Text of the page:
solar eclipse
© The Canadian press/Frank Gunn
An annular solar eclipse rises over the skyline of Toronto on Thursday, June 10, 2021.
The sun and moon combined to create a dazzling ring of fire over northern Canada early Thursday during a rare annular solar eclipse that was at least partially visible across much of the country.

Early risers captured spectacular footage of the eclipse, which played out around 6 a.m. over much of Canada.



Skywatchers in Nunavut, the Northwest Territories and the northern parts of Ontario and Quebec saw the eclipse as a black hole with a fiery ring around it in the morning sky.

Others in the eastern half of Canada saw the event as a significant partial solar eclipse, with the moon blocking all but a sliver of the rising sun at dawn.


The eclipse was also visible in many parts of the Northern Hemisphere, including the eastern United States and parts of Europe, Russia and China.
partial solar eclipse in New York on June 10, 2021
© Ed Jones/AFP via Getty Images
A partial solar eclipse rises between buildings of the Manhattan skyline from the Edge viewing deck in New York on June 10, 2021.
annular eclipse on June 10, 2021, in New York City.
© Gary Hershorn/Getty Images
The sun rises next to the Statue of Liberty during an annular eclipse on June 10, 2021, in New York City.
An annular eclipse is a rare form of total solar eclipse, in which the moon is at its farthest point from Earth when it moves to block the view of the sun from the Earth. This makes the moon appear too small to fully block out the sun. Instead, it allows a ring of solar light to shine around it. That light creates the dramatic ring of fire effect.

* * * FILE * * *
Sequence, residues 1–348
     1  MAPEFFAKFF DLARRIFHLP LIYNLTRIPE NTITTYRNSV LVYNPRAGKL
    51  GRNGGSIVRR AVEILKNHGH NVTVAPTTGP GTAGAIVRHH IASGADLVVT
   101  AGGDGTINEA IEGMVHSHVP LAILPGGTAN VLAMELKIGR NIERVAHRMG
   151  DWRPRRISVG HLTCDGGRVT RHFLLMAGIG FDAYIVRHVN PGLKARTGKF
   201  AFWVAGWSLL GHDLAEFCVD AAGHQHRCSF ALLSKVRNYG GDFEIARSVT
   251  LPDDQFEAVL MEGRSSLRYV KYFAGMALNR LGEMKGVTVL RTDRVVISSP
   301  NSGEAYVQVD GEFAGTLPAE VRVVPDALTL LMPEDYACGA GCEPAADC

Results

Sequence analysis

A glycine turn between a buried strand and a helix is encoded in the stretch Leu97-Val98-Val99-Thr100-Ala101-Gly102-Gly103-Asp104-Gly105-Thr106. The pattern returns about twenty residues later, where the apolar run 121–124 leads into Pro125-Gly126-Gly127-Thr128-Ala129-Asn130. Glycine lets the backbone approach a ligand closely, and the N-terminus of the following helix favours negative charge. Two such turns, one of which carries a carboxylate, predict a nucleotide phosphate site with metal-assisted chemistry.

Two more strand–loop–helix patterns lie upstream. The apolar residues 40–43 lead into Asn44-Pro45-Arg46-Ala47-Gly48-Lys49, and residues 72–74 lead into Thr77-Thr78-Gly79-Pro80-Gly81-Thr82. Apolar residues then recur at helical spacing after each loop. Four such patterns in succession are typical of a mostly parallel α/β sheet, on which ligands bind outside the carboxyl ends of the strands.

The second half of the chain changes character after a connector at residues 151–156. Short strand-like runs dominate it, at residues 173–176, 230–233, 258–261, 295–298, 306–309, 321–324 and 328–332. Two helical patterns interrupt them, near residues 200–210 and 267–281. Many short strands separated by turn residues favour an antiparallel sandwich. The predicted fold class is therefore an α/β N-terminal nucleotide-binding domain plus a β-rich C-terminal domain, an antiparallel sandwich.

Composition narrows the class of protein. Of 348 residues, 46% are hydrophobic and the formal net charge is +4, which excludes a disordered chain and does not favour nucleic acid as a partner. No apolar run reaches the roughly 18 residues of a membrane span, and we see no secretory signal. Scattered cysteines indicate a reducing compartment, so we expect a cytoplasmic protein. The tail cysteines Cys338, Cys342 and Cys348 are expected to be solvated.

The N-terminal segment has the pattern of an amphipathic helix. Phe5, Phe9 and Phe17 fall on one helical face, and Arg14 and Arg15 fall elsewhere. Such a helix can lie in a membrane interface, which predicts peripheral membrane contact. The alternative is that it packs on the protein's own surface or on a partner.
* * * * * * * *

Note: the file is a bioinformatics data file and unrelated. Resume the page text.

Several observatories captured incredible photos and videos of the rare event, while many photographers also shared their own footage of the eclipse online.
An annular solar eclipse in Ottawa on Thursday, June 10, 2021
© The Canadian Press/Sean Kilpatrick
An annular solar eclipse rises over construction cranes and the Peace Tower on Parliament Hill in Ottawa on Thursday, June 10, 2021.
Thursday's solar eclipse was the most spectacular and easy-to-watch event on the calendar for 2021. One more total solar eclipse is expected in December, though it will only be fully visible in Antarctica.
Josh K. ElliottSenior National Online Journalist, Viral/Trends

Josh is a senior writer covering viral and trending topics for Global News online.

He joined the Global team in the spring of 2018 as an international online writer.

Josh previously spent four years at CTV News, where he covered everything from politics to pop culture as a web writer and occasional on-air contributor. He's also spent time covering the NHL for The Hockey News, and remains a die-hard fan of the sport.

Josh earned his undergraduate degree in English and Creative Writing at York University, and his Master of Arts in Journalism from Western University.